What controls the spatial distribution of the North Sea plaice spawning population? Confronting ecological hypotheses through a model selection framework
|Author(s)||Loots Christophe1, Vaz Sandrine1, Planque Benjamin2, Koubbi Philippe3, 4|
|Affiliation(s)||1 : IFREMER, Lab Ressources Halieut, F-62321 Boulogne Sur Mer, France.
2 : Inst Marine Res, N-9294 Tromso, Norway.
3 : Univ Paris 06, UMR 7093, Lab Oceanog Villefranche, F-06230 Villefranche Sur Mer, France.
4 : LOV, UMR 7093, CNRS, F-06230 Villefranche Sur Mer, France.
|Source||Ices Journal Of Marine Science (1054-3139) (Oxford University Press), 2010-03 , Vol. 67 , N. 2 , P. 244-257|
|WOS© Times Cited||34|
|Note||RECLAIM project (STREP-FP6, contract n044133)|
|Keyword(s)||AIC, multi model inference, North Sea plaice, spatial distribution, spawning population|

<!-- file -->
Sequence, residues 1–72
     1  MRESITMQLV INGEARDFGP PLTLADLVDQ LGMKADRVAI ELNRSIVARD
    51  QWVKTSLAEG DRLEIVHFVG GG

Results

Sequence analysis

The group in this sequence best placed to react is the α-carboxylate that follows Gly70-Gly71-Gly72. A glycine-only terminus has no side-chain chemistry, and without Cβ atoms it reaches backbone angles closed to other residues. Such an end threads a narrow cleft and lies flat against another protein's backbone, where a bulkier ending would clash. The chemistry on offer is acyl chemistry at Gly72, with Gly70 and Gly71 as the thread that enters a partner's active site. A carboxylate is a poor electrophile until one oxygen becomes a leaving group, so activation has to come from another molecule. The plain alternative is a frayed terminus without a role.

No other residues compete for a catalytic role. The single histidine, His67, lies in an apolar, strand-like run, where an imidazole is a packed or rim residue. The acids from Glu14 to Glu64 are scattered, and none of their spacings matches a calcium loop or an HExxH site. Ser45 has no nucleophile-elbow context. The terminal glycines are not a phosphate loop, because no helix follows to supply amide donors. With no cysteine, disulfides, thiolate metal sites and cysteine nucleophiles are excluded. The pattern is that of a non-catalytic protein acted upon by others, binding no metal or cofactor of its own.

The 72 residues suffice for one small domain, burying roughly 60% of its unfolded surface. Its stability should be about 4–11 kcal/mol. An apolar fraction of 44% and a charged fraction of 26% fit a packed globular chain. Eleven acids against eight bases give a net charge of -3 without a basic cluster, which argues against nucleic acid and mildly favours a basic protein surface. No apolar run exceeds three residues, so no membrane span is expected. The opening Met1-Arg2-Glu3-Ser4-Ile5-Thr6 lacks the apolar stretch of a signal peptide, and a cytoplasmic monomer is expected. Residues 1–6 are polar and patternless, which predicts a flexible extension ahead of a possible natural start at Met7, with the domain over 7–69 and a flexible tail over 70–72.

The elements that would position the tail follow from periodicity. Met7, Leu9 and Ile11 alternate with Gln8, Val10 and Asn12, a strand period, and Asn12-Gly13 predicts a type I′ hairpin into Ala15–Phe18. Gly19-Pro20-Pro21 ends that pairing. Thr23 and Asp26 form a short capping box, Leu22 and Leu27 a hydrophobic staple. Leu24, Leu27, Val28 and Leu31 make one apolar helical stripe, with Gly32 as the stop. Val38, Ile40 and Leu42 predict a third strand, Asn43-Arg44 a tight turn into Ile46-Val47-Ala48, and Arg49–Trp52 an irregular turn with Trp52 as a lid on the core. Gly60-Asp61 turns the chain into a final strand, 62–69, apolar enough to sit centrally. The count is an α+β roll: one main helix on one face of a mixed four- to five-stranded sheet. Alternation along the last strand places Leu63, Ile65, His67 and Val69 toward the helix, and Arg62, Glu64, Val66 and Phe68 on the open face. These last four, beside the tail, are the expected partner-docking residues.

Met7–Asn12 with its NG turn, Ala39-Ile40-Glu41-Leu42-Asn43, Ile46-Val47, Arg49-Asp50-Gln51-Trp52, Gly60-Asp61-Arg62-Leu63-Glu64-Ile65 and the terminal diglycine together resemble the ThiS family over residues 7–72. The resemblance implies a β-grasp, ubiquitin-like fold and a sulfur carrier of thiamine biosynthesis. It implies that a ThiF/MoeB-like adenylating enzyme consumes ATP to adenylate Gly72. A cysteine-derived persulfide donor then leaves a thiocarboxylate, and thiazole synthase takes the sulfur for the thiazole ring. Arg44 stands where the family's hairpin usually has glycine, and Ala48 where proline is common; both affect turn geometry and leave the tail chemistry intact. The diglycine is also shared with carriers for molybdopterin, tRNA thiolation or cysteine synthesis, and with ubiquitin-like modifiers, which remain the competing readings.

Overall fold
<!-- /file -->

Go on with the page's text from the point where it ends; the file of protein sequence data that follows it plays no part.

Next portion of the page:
|Abstract||The spatial dynamics of spawning fish are crucial because they influence the survival rates of eggs and larvae and ultimately impact the reproductive success of populations. The factors that control these dynamics are complex and potentially many, and they interact. A model-selection-based approach was developed to confront various hypotheses of control of the spatial distribution of spawning population of North Sea plaice (Pleuronectes platessa). For each hypothesis or combination thereof, statistical models were constructed. These were then ranked and selected based on their ability to adjust and predict observed spatial distributions. The North Sea plaice population seems to have developed strong attachment to specific spawning sites, where geographic location and population memory are important controlling factors. Temporal changes in spatial distribution patterns appear to be influenced primarily by population size and demography. Variations in hydrographic conditions such as temperature and salinity do not appear to control interannual fluctuations in spatial distribution. This means that, for reproduction, applying conventional habitat models may falsely attribute major controlling effects to environmental conditions. It is concluded that a multiple-hypothesis approach is essential to understanding and predicting the present and future distribution of the North Sea plaice population during its spawning season.|